6. Tarik Cohen Up, Jordan Howard Down
If the Bears running backs were stocks, Tarik Cohen would be Apple just after the invention of the iPhone and Jordan Howard would be Blockbuster after the arrival of Netflix. In Chicago’s last two games, Cohen has totaled 295 scrimmage yards and 2 touchdowns (plus 14 receptions for all you PPR leaguers) while Howard has plodded his way to 94, zero, and zero in those categories.
This was a risk Howard-drafters took with the arrival of Matt Nagy, who many predicted might prefer Cohen’s versatility in a dynamic offense. Despite Howard’s early attempts at improving his pass-catching, he is simply not the all-around threat that Cohen is, and it’s hurting his fantasy value. Howard has still managed 25 carries over the past two weeks, so he’s not a drop candidate by any means. But moving forward, I would rather have Cohen in any format, and the gap is probably a good 10+ spots in PPR rankings.
7. Stream RBs Against the Broncos and Cardinals
If you thought the Falcons defense was bad, have we got a show for you. The Broncos and Cardinals are setting a new bar for ineffective run defense, creating a whole new concept in fantasy: the streaming running back.
For context, Denver and Arizona are allowing 161 and 151 rushing yards per game, respectively (worst and second-worst in the league). Denver is allowing the most yards per carry (5.6), while the Cardinals encourage offenses to rush a league-leading 34 times per game. The Broncos have allowed a 200-yard rusher in consecutive weeks (Isaiah Crowell and Todd Gurley) and the Cardinals just gave up 155 yards and a touchdown to Latavius Murray. Amusingly, they’re playing each other this week on Thursday Night Football — where I would be willing to start both Philip Lindsay and Royce Freeman along with David Johnson. And if you play DFS, look for less notable names playing against either of these teams rest of season to get an inexpensive edge.
8. Jermaine Kearse is Suddenly a Candidate for Must-Start in PPR
No, he’s not Raheem Mostert (the bane of Alfred Morris‘ existence), he’s (almost) a must start. Following a 10 target, 9 reception, 94-yard day against the Colts, Jermaine Kearse suddenly appears to be what Quincy Enunwa was earlier this season: Sam Darnold‘s PPR machine.
We saw Kearse take over the slot role from a snap perspective in Week 5, but the rubber met the road in Week 6, as Enunwa left with an ankle injury. On top of that, Robby Anderson is questionable with a hamstring and Terrelle Pryor was sidelined with a groin injury (gah!). Unless a couple of these guys get healthy real quick, Kearse is a near-lock for double-digit targets in the immediate future. I’ll even give him a go despite a tough on-paper schedule that includes the Vikings, Bears, Dolphins, and Bills, as Darnold will likely need to lean on his quick-pass outlet in those games.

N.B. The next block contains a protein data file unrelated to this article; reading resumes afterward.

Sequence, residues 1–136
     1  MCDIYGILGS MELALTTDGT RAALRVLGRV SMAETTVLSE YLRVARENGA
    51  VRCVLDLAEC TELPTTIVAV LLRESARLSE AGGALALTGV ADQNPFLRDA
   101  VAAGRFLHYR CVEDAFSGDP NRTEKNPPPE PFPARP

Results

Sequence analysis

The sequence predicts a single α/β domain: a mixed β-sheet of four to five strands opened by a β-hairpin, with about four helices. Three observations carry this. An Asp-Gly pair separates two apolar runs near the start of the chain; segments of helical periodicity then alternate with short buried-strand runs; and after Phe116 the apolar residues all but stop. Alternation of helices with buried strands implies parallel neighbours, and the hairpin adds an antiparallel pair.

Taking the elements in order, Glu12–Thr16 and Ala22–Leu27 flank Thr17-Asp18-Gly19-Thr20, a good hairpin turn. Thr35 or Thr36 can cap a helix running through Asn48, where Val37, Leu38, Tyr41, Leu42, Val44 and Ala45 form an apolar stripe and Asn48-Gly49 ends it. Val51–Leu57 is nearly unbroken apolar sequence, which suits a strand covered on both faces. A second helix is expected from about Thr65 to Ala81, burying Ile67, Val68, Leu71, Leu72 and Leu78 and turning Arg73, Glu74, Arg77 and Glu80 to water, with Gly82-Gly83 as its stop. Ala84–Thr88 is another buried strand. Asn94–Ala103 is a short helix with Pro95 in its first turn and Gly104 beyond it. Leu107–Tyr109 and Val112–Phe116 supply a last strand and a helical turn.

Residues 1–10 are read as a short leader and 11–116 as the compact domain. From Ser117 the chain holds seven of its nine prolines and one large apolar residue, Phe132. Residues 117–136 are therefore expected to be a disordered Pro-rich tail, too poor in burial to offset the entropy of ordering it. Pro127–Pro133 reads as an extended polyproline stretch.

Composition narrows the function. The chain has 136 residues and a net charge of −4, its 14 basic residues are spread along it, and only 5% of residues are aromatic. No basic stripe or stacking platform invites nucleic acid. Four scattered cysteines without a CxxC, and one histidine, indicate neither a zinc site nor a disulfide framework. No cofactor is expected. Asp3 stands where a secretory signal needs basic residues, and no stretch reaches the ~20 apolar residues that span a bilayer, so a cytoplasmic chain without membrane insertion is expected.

9. The Jaguars Secondary is Faltering
In one of the biggest surprises of the season, the Jaguars were absolutely trounced by Dak Prescott and the receiverless Cowboys, 40-7 in Week 6. You could see it in their body language and hear it in Jalen Ramsey‘s immature postgame interviews: the Jags are confused and unconfident.
Don’t get me wrong, they’re still an above-average defense. But they’re not playing like the absolute shutdown, sit-your-studs unit we saw last year. For reference, A.J. Bouye and Jalen Ramsey held opponents to the lowest and sixth-lowest passer ratings in coverage last season respectively (on a minimum 50 targets). This year, Bouye has dropped to 13th and Ramsey is all the way down at 27th. What I’m saying is, don’t hesitate to start DeAndre Hopkins this week (and maybe even consider Keke Coutee), and if this continues, don’t write off guys like Alshon Jeffery in Week 8 or T.Y. Hilton (if healthy) in Week 10 either.
10. Sony Michel is a Locked-and-Loaded RB1
There was a good amount of preseason hubbub surrounding the non-Barkley rookie running backs, and specifically who could join Barkley in the RB1 ranks. We now have our answer, and it’s Sony “My Fitness Consigliere” Michel.
Coming off a 20+ fantasy points performance against the Chiefs in a barn-burner on Sunday Night Football, Michel has now logged three straight weeks with 100+ scrimmage yards and at least one touchdown. He’s one of four RBs riding such a streak — the other three are Todd Gurley, Saquon Barkley, and Melvin Gordon. Since fully assuming the starting role in Week 4, Michel is the RB6 in non-PPR and the RB9 in PPR. Need I go on? Michel is pretty much a guaranteed top-12 back going forward, take it to the bank — or better yet, the fantasy championship.